After meeting up with a couple of his mutual friends, I sat still feeling completely bewildered at my combination of embarrassment and stupidity from the days before. People were creating a cacophony of wrong notes around me and I couldn’t escape the din in my head. Then…I began a conversation about a passion of mine with someone new. I discussed writing and what it meant to me, which lead to discussion about my career, and then to a conversation about myself…and next thing I knew, I was intellectually attracted. I would come to find out that the feelings were mutual that next day. (…and unfortunately, readers, that’s as far as that story will go for the moment).
Fast forward to later in that week (as the above happened on a Sunday). On that Thursday, I got a call from the woman who would soon be my new director. She told me that she enjoyed my audition for her show Topdog/Underdog, and would be thrilled to have me on board as Booth! My heart leaped into my throat, but I gulped it back down to let her know that I would be happy to be on board. My history with that show went back to my senior year of high school and to work on the show, unpaid or not, was something I wanted to be a part of, period! Part of me knew that I rocked my audition for the show, but to get the part of Booth was unexpected for sure.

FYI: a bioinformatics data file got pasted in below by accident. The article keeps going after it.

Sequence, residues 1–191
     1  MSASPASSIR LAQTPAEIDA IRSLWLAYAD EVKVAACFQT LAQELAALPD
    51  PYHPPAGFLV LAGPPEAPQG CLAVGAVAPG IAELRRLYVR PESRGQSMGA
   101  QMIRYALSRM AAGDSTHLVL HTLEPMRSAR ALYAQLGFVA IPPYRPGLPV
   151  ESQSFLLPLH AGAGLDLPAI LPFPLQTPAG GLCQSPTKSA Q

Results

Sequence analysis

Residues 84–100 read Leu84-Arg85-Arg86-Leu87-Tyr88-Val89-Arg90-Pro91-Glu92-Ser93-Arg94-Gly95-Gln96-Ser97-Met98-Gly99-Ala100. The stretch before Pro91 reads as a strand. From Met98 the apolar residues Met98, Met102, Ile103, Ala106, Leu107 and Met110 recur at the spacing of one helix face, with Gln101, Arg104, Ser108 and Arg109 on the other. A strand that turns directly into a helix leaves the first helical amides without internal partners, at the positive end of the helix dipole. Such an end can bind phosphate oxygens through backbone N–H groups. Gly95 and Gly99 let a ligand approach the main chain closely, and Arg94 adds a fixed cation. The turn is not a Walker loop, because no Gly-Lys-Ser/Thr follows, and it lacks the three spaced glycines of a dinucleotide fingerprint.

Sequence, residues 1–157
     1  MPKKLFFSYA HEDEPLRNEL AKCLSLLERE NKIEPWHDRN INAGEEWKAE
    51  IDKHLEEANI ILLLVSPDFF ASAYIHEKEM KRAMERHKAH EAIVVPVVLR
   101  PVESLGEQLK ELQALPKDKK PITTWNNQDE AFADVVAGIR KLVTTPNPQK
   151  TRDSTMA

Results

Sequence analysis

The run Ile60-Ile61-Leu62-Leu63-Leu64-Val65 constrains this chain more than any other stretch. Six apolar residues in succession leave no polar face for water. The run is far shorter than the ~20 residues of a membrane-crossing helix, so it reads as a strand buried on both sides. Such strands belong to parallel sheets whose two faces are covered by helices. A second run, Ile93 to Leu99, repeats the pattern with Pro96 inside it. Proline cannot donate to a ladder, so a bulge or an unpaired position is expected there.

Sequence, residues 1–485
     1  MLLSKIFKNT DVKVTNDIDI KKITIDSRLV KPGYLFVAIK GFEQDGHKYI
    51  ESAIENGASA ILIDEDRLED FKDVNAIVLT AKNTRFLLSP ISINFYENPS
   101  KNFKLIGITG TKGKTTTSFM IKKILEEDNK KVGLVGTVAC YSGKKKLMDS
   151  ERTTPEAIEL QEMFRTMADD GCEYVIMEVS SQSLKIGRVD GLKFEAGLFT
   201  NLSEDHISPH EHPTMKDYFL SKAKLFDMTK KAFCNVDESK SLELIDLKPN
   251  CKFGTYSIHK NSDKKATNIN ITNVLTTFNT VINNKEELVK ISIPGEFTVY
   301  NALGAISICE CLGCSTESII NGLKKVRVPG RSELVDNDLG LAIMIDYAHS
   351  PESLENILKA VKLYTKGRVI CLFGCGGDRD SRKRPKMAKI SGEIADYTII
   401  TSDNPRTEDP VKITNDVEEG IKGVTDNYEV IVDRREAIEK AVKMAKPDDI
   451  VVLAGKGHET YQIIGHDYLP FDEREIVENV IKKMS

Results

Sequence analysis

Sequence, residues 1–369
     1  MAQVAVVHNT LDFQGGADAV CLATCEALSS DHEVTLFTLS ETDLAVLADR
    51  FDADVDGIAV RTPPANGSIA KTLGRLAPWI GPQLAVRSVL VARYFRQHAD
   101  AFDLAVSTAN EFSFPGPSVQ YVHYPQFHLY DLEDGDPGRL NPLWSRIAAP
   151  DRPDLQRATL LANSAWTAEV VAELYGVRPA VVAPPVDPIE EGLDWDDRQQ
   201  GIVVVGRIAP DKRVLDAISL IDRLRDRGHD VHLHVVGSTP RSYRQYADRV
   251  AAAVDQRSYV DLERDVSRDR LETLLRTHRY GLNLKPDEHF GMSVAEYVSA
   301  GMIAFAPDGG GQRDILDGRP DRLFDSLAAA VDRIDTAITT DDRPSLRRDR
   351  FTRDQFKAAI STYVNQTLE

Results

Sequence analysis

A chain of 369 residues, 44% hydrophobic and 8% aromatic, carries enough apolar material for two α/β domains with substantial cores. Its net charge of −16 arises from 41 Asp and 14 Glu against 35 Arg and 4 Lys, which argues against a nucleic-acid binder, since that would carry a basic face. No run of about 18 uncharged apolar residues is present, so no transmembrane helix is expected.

And there would be more moments like that to follow, such as getting a call that next week to say that I was cast in a music video for an actress turned pop singer here in the UK or being an extra in a film by a director who I’ve wanted to work with for the past 2 years, booking a gig as a model for banking brochure, or most importantly, being called for my first big paying gig of the year, which is the show I’m a part if right now here in Edinburgh, Scotland. And the funny thing is, when things happen unexpectedly, they can catch you off guard a bit and throw your life off kilter…even the good things…